The biggest upside is provided by the graduation in classes of timber as it grows. For example, trees typically grow at about six percent per year depending on seedling type and site. There will be a time when the majority of a stand graduates from pulpwood class to chip-n-saw class timber. This will provide a 47 percent jump in value per ton in just one year at current prices, compared to the annual growth rate of six percent. Assuming you could buy timber at pulpwood prices today and sell it as chip-n-saw in a few years, the return would be much higher over that time frame than just the typical six percent growth rate for the life of the timber. In general, a diversified age class distribution will provide the best growth rates and the most sustainable returns over time for timber.

Supplemental Income: Thinking Outside the Box

Additional sources of revenue often constitute the difference between an average return and outperforming the norm. Straw production is one of the most common. This is a nice supplemental income before the first thinning—or the first round of harvesting of your timber—and typically the straw buyer will perform most of the prep work necessary before your first timber harvest. Hunting leases typically bring in another $10-$20 per acre depending on the location and amenities provided. Honey-bee leases and agricultural leases are also popular. Assuming the majority of the land is in timber, the best practice is most likely to lease out the agricultural portion of the property, which provides a reliable cash flow in years when no timber harvests occur—and is not subject to the ups and downs of the commodities markets.

Having a diverse set of uses on one property typically provides a more stable return. If wildlife is one of your primary objectives, the variety of timber age classes, land uses and the management practices that go with each use provide a patchwork of habitat that benefits all variety of wildlife. No one type of habitat provides all the elements wildlife populations need, so a variety of uses and habitat types is best, perhaps critical.  One last opportunity that deserves significant thought is conservation easements. There are two types of easements a landowner may consider—purchase easements and donation easements. In either case, the easement is perpetual on the land and restricts different activities with the primary objective of maintaining the land in its current, natural state. Easements are typically most valuable when they adjoin other conserved lands, either with other private easements or state or federally-owned property. Purchase Easements are purchased from the landowner by a conservation agency and could be considered a rebate toward the purchase price paid for the land—paid in cash. These could easily take up to three years or more to achieve. A donation easement is very valuable but comes in the form of tax-deductible credit and a landowner would need federal taxable income to derive value from this type of easement. The donation easement is a great way to protect taxable income and can be valued just like depreciation is valued in a business investment. Regardless, most all agricultural and recreational uses are maintained by the landowner in either scenario and there is significant upside for the landowner. The resale of these easement-encumbered lands has also become more common and readily-valuable.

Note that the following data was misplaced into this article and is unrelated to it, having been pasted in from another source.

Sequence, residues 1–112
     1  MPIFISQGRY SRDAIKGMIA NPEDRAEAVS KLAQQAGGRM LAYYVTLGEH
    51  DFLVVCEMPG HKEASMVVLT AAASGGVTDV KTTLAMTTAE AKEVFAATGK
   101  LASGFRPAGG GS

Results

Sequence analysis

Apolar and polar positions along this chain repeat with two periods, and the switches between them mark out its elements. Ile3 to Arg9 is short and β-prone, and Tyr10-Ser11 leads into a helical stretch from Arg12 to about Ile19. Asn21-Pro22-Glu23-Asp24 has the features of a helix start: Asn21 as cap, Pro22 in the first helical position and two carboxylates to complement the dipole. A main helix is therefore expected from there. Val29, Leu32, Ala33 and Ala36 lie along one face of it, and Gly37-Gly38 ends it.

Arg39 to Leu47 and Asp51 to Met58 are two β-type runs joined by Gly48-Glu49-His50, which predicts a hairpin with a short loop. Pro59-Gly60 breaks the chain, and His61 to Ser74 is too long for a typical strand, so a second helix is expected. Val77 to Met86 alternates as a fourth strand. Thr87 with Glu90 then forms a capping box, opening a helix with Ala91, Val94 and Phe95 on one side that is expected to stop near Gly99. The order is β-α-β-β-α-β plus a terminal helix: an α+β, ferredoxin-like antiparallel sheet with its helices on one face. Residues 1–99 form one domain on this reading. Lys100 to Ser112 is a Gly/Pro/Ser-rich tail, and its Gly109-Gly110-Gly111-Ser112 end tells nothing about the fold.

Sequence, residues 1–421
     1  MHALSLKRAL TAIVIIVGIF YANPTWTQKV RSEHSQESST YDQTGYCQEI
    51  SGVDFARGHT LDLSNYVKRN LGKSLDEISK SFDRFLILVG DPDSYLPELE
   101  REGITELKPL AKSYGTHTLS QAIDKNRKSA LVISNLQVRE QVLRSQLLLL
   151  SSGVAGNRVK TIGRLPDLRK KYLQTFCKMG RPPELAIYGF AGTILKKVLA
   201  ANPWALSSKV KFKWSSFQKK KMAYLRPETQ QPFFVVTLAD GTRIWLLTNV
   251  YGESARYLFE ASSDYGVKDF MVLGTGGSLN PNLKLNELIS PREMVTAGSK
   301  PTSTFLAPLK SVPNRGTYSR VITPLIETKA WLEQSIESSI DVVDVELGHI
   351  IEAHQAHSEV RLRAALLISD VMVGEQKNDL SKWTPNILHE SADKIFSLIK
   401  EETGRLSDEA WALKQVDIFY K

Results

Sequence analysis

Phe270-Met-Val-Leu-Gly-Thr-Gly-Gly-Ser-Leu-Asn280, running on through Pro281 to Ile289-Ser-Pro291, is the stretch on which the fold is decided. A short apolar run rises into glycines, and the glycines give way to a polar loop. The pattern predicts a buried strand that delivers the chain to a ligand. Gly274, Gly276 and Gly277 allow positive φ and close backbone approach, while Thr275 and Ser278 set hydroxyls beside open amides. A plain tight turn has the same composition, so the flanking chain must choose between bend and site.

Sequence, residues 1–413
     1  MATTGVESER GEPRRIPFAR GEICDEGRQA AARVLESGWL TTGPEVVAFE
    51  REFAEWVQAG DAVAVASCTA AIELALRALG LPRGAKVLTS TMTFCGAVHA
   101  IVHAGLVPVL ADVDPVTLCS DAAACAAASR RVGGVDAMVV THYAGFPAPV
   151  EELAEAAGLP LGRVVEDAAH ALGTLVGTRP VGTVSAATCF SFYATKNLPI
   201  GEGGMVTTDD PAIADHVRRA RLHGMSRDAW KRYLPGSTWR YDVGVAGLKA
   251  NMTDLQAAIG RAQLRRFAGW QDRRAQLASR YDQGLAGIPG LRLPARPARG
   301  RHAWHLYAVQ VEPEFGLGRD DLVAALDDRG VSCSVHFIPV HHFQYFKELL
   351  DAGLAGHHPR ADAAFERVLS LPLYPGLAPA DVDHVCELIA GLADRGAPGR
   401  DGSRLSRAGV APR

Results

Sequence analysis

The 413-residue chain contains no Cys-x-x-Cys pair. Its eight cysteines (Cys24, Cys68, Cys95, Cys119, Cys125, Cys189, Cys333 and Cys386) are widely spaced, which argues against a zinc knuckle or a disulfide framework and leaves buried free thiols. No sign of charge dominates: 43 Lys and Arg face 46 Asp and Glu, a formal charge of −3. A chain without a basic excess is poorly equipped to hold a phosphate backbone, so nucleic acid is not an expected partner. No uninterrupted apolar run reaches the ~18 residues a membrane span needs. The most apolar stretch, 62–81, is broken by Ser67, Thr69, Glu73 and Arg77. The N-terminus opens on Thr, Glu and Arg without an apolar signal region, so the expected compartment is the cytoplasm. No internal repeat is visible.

Securing Wise Investments

After evaluating each investment—and weeding out the ones that don’t make sensea cash flow analysis should be performed. The estimated future cash flows should be put into a table to determine the present value of those future expected cash flows. This will be helpful in predicting what your expected return would be for each investment opportunity you are considering. An experienced land broker and advisor can assist with the sound analysis of the land’s revenue generating potential and help in determining its resulting value. This will eliminate a lot of headache and disappointment down the road. Land investments can be the perfect prescription for doctors looking to diversify and enjoy the way they are doing it.